The changing landscape of e-commerce in the United States

The e-commerce industry has exploded in recent years, with more consumers than ever turning to online shopping for almost everything. Whether it’s technology, fashion, or simply our weekly groceries, almost anything can now be purchased online. Valued at $360.3 billion, the e-commerce industry is set to double over the next three years, increasing to $603.4 billion dollars by 2021.

After ruling the world of e-commerce for more than a decade, the United States is currently the second largest e-commerce country in the world, recently falling behind China. Led by the e-commerce giants Amazons & eBay, the country observes a healthy e-commerce growth in all sectors, and has been a hotbed for a variety of new e-commerce technologies and trends.

However with popularity and success comes competition; and in an increasingly aggressive market, companies frequently need to diversify and grow in order to thrive. For businesses that have found success in their respective domestic markets, the logical progression is often to expand products or services to new audiences overseas.

The various opportunities available from cross-border e-commerce are expected to be a key driver of growth for online retailers over the coming years, but the key question for many expanding business is where to locate your business and operations.

Location, Location, Location

While many industries rely on a metropolitan hub for client interaction and regular meetings, e-commerce organisations are not always bound by the same geographic restrictions. Instead, with the opportunity to conduct the day to day running of a business from almost anywhere, the primary consideration is often one of storage, and warehousing.

The steady growth of online shopping has led to strong demand for e-commerce fulfilment centres in populated urban locations, which are often located close to shipping ports in order to easily store overseas imports. However this increase in demand has led to an increase of rental costs, leading a number of e-commerce companies to consider alternative options throughout rural America.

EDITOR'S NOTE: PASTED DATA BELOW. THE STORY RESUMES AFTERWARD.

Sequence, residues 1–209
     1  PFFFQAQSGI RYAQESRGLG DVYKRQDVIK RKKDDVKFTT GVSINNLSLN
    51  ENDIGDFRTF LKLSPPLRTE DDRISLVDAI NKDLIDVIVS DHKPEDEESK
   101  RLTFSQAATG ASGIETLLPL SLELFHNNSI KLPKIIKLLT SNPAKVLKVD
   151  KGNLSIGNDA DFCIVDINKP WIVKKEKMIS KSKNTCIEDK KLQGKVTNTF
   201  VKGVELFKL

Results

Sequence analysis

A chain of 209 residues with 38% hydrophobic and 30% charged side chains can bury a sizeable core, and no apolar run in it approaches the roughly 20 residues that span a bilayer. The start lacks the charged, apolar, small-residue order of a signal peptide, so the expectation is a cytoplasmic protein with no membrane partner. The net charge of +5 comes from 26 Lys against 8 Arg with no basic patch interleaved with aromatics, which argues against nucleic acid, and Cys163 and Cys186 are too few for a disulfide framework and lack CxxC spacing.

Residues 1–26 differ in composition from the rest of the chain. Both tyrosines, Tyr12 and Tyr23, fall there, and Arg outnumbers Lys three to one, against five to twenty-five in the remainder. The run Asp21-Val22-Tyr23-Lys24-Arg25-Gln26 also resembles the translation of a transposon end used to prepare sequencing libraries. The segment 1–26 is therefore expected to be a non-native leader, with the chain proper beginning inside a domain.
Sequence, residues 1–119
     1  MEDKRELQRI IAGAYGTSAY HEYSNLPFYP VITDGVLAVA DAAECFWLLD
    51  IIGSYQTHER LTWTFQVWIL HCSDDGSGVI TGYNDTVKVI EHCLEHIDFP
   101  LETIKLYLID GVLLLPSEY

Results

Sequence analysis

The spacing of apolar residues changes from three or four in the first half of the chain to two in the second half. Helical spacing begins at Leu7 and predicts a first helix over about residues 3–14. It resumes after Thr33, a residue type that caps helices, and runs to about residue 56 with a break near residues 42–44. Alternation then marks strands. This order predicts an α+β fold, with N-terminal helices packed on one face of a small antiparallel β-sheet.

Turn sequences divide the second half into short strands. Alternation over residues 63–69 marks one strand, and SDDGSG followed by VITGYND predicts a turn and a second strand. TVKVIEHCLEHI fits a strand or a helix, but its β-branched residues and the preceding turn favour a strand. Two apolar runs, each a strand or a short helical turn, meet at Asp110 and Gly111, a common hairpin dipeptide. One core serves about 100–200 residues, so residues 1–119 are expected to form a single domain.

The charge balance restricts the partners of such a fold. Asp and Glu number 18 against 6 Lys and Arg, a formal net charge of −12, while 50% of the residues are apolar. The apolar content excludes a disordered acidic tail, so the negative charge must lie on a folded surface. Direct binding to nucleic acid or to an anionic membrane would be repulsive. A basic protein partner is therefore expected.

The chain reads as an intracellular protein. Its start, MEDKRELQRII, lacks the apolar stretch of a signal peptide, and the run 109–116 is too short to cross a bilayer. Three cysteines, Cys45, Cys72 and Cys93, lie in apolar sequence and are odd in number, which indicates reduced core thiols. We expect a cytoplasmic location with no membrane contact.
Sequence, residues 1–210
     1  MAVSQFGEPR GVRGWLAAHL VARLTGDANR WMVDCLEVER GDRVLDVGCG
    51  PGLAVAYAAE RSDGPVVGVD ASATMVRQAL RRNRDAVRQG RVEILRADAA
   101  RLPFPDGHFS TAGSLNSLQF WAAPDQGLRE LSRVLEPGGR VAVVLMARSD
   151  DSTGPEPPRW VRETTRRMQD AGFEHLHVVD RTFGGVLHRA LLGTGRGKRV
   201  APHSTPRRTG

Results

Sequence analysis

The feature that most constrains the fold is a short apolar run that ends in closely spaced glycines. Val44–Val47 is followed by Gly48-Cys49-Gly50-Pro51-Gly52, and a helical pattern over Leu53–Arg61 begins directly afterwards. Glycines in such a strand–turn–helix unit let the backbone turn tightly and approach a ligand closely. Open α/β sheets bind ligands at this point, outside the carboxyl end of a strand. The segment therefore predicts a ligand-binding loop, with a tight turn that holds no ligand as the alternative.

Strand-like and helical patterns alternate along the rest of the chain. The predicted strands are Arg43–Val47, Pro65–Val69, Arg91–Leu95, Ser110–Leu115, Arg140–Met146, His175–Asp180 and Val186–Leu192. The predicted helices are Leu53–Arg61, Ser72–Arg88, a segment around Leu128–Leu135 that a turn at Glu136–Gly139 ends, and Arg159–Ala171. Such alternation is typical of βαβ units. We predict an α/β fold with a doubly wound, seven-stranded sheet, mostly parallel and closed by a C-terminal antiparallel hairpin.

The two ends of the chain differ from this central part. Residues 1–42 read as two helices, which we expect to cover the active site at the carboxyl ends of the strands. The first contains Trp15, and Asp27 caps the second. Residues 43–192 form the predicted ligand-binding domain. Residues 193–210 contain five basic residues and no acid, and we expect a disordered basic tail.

In the 2nd quarter of 2018, the national average for industrial rent was $6.11 per square foot: $4.54 in the Midwest, $4.75 in the south, $5.74 in the Northeast, and $9.28 in the West. Considering the average industrial rent in Nashville is $4.77 per square foot, as opposed to $9.84 in Los Angeles, the cost of storing products can vary significantly throughout the country.

However the affordability of warehouse storage shouldn’t be the only consideration. As consumers become accustomed to speedy deliveries, many within two days of purchase, goods may need to be positioned relatively close to urban areas. Truck driver shortages, the mandated use of electronic logging devices and fuel costs can all influence the price and efficiency of your delivery service, and the location of your warehouse facilities will need to take this into consideration.

For e-commerce businesses that have the freedom to locate both operations and logistics away from the expense of coastal hotspots, rural America certainly has its appeal. And with 8 out of 10 cities with the fastest internet speeds located inland, in states such as Colorado and Texas, connectivity shouldn’t be an issue.

Understanding the cost of deliveries